Knaggs Chesapeake series Potomac flattop and Severn double-cutaway, and Influence series Keya carved top.

For any serious luthier, the opportunity to help redefine modern guitarcraft while working alongside the most influential builder of a generation is the stuff of dreams. And for Joe Knaggs it was, too. But he was just getting started.

Growing up in Maryland, Knaggs had two passions—playing guitar and painting. “They used to pull me out of English to go do paintings on the walls,” he recalls. “But I was also totally into music—I played guitar six, eight hours a day.” His first electrics were from the two biggest brands of the era—first a Fender Jaguar, then a Gibson L-5, then a Stratocaster. He couldn’t have known that the slightly older guy who lived down the street, one Paul Smith, would later bridge the gap between those two vastly different schools of guitar building. And he certainly couldn’t have had any idea that he’d become a huge part of that picture himself. Because at that point he hadn’t the slightest inclination to become a luthier.

But then it happened. A few years later, Knaggs was working in a shop that refinished just about anything you could put paint on, and one day he was inspired to apply blue lacquer to a Strat body. Like a lot of guitarists around the planet, he was also moonlighting to make a little extra cash, so he decided to head over to Smith’s shop across town and show off his handiwork. “I thought to myself, ‘I’ll bring that guitar body over there and see if Paul has any side work for me.’” Smith didn’t have any jobs for Knaggs at the time, but approximately a year later he called to recruit Knaggs for a full-time position in the Paul Reed Smith finish room. Over the ensuing years Knaggs was promoted from finish-room manager to production manager, then builder of PRS prototypes and endorsee guitars, overseer of the Private Stock program, and, finally, director of R&D. In the process, he brought the world the legendary PRS McCarty Archtop and McCarty Hollowbody—guitars that took the company in a whole new direction and earned it rave reviews (not to mention tons of sales). Knaggs was also the primary designer behind the Gary Grainger bass and the Starla and Mira guitar lines, both of which not only helped make PRS appealing to players looking for a funkier, vintage vibe but also further cemented its reputation for quality and innovation.

Throughout his years at PRS, Knaggs worked with another prime mover behind the brand’s meteoric success, a former instrument dealer from Germany named Peter Wolf. “I met Paul Smith and the PRS guys back in 1986,” Wolf remembers. He went on to become one of the company’s three German dealers, and eventually became the exclusive PRS distributor for Germany, Austria, and Luxembourg. By 1996, he was talking with the company about coming aboard full-time. “At that point, their export sales were really small—they were only working in 13 countries.” The next year, Wolf joined the PRS team as international sales manager. Like Knaggs, he moved steadily up the chain of command, and as director of sales and marketing from 2004 to 2009, he was instrumental in taking the company through a period of extraordinary growth and visibility.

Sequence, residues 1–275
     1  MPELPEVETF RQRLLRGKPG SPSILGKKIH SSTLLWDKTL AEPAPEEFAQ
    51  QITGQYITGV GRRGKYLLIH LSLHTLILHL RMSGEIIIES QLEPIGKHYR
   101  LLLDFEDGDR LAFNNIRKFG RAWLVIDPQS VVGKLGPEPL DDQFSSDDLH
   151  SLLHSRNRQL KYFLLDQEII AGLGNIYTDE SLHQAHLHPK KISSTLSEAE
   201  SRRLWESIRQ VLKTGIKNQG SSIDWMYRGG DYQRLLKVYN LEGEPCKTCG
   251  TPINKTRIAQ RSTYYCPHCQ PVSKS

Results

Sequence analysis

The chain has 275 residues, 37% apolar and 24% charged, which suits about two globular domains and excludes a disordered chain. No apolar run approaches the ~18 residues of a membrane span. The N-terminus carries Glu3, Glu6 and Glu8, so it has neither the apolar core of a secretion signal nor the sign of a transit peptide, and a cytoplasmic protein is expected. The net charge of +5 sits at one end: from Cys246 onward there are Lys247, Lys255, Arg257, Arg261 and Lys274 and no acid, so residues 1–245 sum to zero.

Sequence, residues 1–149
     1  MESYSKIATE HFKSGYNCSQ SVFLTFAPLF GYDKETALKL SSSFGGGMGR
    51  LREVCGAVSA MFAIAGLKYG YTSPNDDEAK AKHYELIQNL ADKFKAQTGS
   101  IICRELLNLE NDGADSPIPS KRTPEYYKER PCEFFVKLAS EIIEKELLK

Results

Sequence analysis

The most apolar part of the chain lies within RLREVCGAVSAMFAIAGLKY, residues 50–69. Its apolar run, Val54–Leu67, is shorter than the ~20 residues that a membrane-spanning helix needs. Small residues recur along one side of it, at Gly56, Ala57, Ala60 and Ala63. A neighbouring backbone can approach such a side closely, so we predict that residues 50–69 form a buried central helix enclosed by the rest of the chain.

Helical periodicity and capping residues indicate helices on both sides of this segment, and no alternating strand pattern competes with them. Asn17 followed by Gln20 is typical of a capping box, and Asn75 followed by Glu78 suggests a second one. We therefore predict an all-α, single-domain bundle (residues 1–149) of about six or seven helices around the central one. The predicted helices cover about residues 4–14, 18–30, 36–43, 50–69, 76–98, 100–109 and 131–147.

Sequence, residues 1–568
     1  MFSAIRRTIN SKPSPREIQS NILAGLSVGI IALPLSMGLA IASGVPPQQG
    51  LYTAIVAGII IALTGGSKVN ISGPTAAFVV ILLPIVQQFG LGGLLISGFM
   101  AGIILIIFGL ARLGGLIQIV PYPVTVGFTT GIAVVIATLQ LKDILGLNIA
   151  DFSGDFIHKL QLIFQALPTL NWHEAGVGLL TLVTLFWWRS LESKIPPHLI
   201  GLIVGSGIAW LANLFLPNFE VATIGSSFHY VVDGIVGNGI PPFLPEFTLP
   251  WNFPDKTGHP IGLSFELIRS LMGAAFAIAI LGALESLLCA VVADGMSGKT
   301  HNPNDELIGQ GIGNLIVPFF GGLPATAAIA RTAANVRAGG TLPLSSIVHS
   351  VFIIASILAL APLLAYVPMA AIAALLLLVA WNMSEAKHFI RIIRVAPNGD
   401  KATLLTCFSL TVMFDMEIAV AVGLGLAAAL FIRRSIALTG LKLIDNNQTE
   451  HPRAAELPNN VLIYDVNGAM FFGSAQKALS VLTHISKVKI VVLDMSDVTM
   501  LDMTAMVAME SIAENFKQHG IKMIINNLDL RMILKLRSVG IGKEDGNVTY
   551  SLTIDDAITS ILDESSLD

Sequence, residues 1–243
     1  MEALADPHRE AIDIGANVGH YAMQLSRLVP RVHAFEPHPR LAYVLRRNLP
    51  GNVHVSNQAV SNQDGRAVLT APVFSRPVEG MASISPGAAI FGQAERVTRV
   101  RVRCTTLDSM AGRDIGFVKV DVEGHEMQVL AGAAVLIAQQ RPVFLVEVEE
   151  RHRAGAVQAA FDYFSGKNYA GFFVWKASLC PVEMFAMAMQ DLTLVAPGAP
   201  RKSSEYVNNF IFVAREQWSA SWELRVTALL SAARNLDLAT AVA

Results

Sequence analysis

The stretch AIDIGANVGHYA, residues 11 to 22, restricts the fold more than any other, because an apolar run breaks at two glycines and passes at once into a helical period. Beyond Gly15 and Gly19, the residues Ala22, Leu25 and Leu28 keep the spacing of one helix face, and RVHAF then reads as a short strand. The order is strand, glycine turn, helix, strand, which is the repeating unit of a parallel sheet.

But 2009 was a year of change for both Wolf and Knaggs. The former left PRS that February, and the latter struck out on his own in June of that year. Wolf went on to establish a marketing services firm called BrandWolf Consulting, while Knaggs says he just wanted to get back to his roots.

“If you were an artist painting all the time but someone else’s signature was on the bottom, at some point you’d want to make sure you were signing your own paintings,” he explains. “That’s the main reason I left. Maybe I was ready for another challenge, too. I’d kind of done everything there that I wanted to do. The next step would’ve been to become some kind of executive sitting in an office, and that’s not me.”

Before the year was through, Knaggs and Wolf had joined forces for what very well may be 2010’s most intriguing guitar story—the creation of Knaggs Guitars. For both men, the partnership seemed an obvious fit. “I’ve known Joe pretty much since the middle of the ’90s… and not only were we colleagues, we also became close friends,” says Wolf. “I took him around the world—I brought him to Japan, I took him to Europe. We did Private Stock carving sessions and stuff like that. I thought he was an extraordinary designer and builder. He’s one of these people who can do it all: he can draw, he can carve, he can design, he can build. There aren’t that many people out there who can do that.”

Unveiled at the Musikmesse 2010 trade show in Frankfurt, Germany (see our show coverage), Knaggs Guitars features three lines of jaw-droppingly gorgeous instruments, including solidbody and hollowbody electrics, a series of acoustics (with or without cutaway), and two basses. All are available in three different “tiers,” with tier-1 axes being stuffed to the gills with eye-popping goodness and tier-3 guitars being geared more toward working guitarists. Prices range from $2900 to $7000 for 25.5"-scale Chesapeake series electrics, $4500 to $10,500 for Chesapeake acoustics, $3000 to $10,000 for 24.75"-scale Influence electrics, and $3000 to $4500 for Chesapeake basses.

We spoke with Knaggs to get the story behind his new venture with Wolf just prior to the worldwide debut of Knaggs Guitars at Musikmesse.